Justice Brennan once wrote that the difference between literary/theological theories of interpretation versus judicial duties of interpretation rests on a fulcrum of the difference between having fun and pleasure with fiction versus the duty to make hard decisions of interpretation which affect life and death. Of real life people.
So the preoccupation with narrative really amounts to another self-statement – whether the church or any theology is interested in getting its hands dirty. In divisive issues. Which (divisive) judicial decisions based on narratives and which political decisions based on narratives always are. In the real world. Or maybe the church wants to rest content that its own story is a story of farming out these hard duties elsewhere. And after what the church did to narratives in the Salem witchcraft trials, maybe farming out such heavy lifting is a best-case option?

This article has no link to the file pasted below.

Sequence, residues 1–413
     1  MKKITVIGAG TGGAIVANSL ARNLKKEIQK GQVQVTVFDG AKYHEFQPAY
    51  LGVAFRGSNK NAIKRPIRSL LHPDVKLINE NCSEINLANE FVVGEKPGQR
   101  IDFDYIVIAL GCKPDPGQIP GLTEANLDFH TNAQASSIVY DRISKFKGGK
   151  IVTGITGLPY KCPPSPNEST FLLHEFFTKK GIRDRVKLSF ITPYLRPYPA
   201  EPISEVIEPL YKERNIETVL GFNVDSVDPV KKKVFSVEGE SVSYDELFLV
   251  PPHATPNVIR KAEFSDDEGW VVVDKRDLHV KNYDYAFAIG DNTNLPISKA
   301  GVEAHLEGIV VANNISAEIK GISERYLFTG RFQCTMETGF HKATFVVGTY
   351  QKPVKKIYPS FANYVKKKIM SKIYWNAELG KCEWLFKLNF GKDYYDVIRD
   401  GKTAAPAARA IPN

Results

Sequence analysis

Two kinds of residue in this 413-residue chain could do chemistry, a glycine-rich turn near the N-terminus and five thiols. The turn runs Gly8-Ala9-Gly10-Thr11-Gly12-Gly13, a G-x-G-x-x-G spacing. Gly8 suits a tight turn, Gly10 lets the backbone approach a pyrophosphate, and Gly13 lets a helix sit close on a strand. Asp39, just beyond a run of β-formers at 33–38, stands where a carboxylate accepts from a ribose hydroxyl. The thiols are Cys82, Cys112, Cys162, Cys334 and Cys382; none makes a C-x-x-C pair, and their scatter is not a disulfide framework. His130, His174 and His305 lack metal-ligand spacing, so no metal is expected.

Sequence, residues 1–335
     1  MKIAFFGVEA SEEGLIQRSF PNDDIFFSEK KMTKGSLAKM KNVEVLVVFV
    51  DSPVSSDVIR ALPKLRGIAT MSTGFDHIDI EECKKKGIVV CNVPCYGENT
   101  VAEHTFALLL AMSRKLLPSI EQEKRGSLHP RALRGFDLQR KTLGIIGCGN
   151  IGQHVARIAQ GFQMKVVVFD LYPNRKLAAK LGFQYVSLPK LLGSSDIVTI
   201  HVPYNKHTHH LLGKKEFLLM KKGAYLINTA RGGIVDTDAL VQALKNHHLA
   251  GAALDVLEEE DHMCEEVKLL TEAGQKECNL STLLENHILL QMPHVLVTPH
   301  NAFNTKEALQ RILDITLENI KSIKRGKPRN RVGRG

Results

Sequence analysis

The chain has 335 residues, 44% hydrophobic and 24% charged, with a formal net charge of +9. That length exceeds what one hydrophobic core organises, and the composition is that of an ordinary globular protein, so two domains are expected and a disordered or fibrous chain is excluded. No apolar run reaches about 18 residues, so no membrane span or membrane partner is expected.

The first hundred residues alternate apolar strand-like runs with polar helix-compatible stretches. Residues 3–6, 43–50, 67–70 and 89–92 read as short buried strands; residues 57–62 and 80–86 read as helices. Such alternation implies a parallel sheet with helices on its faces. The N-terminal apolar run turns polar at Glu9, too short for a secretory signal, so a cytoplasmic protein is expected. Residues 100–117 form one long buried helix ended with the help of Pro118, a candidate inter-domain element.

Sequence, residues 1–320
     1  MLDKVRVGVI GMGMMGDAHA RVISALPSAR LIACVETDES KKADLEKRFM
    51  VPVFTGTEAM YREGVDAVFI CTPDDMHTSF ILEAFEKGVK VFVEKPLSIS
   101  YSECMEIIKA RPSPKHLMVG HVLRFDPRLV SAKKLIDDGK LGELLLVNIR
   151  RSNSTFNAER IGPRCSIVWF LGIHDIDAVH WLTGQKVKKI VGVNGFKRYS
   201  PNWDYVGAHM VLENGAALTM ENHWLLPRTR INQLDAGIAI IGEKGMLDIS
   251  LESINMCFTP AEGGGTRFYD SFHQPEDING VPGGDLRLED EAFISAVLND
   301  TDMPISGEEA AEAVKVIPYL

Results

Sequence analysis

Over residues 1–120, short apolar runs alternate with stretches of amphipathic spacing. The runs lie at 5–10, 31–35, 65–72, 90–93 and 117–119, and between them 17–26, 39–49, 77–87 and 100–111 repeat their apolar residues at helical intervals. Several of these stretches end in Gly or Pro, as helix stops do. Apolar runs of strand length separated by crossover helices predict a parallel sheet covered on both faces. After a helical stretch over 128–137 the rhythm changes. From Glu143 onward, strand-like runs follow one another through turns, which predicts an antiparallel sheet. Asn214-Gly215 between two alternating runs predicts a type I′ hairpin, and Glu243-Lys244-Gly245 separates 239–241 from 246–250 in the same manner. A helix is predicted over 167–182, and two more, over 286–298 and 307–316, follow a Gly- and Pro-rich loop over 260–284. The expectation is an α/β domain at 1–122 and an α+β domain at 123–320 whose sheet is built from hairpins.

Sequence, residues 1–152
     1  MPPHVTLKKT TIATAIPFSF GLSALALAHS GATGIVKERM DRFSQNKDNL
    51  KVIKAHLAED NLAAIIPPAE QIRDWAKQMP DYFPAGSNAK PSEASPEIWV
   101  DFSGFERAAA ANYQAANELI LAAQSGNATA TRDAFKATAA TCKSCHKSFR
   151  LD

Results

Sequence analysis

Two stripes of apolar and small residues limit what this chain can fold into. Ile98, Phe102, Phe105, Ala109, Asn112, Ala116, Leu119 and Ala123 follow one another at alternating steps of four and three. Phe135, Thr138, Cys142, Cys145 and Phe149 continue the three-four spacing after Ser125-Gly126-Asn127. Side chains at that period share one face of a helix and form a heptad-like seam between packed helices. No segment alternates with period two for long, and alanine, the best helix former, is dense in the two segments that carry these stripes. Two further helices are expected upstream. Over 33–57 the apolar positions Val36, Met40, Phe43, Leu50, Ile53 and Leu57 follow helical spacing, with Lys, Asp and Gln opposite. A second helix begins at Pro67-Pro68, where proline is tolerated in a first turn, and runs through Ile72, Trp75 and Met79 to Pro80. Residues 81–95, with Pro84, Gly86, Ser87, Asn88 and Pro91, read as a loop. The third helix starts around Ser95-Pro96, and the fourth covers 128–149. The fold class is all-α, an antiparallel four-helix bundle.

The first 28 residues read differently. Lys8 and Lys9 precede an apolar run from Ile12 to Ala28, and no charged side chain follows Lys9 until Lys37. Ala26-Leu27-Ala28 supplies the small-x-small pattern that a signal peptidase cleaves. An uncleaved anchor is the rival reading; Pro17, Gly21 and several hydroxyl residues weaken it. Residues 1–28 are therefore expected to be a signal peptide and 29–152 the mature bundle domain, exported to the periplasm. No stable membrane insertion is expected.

At least -- the interest in story-time is still a self-statement. But, there is no escaping judgment. Because not all narratives are pretty. Nor unifying.
Kudos to the humor on QM – I’d say the unitary equations need no interpretation. Some things work just fine story-less ... and are much more fun that way.